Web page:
By Art Buchwald
Tuesday, June 27, 2006
Goodbye to Dan Rather. He was a good man and served CBS for 44 years with distinction.
Television is a tough business. When it's time to go, you go . And if you don't go the way they want you to, they get very upset. They tell the world you weren't a very good anchorman to start with and you stuttered a lot. Also, you weren't very sincere on the air.
CBS, like other television networks, has a tremendous public relations staff. It's bigger than the news staff. The job of the PR department is to portray the network in a very good light and, when someone's number is up, show how he or she was very bad at reading news copy.
Money is not an issue when television wants to get rid of someone. Rather was getting $7 million a year and could write off the clothes he wore on the air.
This is how it works with anchormen. You are a star. You have your own office, a staff of people working for you, a limousine, an expense account and credit at any restaurant within 20 miles of your office.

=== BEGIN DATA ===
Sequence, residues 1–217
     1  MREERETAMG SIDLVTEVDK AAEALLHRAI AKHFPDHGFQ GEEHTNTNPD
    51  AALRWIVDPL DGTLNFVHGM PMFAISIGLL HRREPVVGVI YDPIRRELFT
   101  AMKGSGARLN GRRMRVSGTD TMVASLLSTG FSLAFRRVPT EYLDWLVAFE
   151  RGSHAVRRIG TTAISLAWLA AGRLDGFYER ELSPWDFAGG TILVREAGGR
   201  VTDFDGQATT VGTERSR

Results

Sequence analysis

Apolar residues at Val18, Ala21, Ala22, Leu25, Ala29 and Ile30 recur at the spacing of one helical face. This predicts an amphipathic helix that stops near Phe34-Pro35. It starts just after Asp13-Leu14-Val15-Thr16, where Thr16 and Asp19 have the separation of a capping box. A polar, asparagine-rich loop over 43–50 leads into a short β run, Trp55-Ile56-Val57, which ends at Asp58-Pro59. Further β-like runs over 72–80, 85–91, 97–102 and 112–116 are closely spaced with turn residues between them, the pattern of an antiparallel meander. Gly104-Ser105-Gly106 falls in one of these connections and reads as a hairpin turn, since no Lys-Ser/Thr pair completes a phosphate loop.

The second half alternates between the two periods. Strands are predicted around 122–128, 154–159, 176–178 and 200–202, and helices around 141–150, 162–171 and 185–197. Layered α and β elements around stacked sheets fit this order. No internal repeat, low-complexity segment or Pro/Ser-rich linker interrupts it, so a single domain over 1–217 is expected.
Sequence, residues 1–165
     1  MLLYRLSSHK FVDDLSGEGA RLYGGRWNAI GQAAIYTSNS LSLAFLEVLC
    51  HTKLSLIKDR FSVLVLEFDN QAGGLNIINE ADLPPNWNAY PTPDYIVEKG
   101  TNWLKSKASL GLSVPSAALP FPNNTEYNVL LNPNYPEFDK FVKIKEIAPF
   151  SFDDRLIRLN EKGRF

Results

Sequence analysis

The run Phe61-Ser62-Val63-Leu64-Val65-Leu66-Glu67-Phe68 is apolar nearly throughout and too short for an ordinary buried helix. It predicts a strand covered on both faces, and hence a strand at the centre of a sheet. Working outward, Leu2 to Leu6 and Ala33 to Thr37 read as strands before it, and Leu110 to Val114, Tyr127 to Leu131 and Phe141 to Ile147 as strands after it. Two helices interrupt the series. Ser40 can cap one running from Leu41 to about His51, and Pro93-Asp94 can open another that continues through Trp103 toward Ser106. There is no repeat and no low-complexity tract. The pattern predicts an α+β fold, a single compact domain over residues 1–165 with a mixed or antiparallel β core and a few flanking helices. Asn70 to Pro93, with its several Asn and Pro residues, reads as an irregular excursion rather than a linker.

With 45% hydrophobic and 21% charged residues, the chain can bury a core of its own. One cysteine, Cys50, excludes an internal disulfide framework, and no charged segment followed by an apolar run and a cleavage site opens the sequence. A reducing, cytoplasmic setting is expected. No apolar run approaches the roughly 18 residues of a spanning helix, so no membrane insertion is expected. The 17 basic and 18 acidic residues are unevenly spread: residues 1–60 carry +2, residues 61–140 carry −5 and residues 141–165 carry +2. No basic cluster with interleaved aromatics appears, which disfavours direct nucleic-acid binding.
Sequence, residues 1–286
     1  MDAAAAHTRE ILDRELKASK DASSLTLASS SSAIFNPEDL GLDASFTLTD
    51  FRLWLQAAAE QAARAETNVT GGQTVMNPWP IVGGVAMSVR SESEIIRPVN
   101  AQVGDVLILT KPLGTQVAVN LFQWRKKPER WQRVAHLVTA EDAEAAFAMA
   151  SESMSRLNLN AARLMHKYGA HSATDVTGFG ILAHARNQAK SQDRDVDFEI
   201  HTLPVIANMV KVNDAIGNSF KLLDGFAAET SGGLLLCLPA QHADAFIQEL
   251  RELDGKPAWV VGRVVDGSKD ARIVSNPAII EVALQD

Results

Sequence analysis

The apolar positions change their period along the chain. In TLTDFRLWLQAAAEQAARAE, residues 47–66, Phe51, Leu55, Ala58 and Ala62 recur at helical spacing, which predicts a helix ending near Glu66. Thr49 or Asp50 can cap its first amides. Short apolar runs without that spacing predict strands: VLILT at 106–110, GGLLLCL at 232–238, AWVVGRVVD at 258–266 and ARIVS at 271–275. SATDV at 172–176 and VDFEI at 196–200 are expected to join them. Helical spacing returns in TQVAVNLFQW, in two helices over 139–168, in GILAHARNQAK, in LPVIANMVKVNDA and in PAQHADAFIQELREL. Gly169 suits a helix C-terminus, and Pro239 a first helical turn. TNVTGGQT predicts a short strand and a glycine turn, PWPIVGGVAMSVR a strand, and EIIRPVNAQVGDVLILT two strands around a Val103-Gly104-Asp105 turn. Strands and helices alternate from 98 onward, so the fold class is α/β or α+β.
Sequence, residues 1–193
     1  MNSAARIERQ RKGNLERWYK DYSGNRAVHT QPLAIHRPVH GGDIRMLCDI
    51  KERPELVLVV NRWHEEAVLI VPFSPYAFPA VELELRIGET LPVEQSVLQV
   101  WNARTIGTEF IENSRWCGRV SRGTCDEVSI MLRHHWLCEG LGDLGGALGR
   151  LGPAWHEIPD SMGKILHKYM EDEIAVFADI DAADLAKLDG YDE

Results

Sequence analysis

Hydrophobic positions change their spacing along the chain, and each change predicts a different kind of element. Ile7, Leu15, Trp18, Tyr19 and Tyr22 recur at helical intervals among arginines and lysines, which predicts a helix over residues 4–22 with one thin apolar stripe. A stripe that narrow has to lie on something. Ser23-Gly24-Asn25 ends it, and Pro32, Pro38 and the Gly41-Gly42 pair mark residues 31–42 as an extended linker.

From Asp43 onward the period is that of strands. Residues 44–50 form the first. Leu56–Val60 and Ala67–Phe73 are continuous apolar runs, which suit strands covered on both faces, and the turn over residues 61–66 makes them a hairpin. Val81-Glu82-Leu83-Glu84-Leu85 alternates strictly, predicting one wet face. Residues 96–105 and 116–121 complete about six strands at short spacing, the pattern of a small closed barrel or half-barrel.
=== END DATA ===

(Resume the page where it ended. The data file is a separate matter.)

Dan was a very private person and was in the same category as Tom Brokaw and Peter Jennings. Whenever I met him, I said, "What's new?"
He said, "Watch me tonight. I have a story on George Bush and his time in the National Guard."
It was just one of Rather's many stories about Bush, but it was the only one that couldn't be verified. Later on, when it turned out what Dan reported about the president's National Guard service couldn't be substantiated, everyone jumped on him.
In the TV business, you have to be right 100 percent of the time. If you're not, people will start picking on you.
It was at that moment that the television executives questioned Rather's credentials.
Rather told me bitterly, "CBS and I went to the mat. They wouldn't give me anything to do, although in the news business there's always something to do.
"I wasn't going to sit around and do nothing. I have left CBS with many fond memories -- and many ups and downs. But through it all I've always fought for a free press."
I asked him if Katie Couric could do as good a job.
He said, "CBS thinks she will."
"The question was: Do you think she could?"
Dan said, "In time, I think she will. It took her 15 years to make the 'Today' show a hit. I'm sure it will take her longer than that to beat Charlie Gibson and Brian Williams."
I asked, "Is it accidental that you and Mike Wallace are leaving at the same time?"
Rather said, "We were the great ones. Mike and I will go down in history with Walter Cronkite and Maury Povich."
When I called back to CBS, they said the last they'd seen of Dan Rather, he was flying down outside the 30th-floor window of the CBS building.
2006Tribune Media Services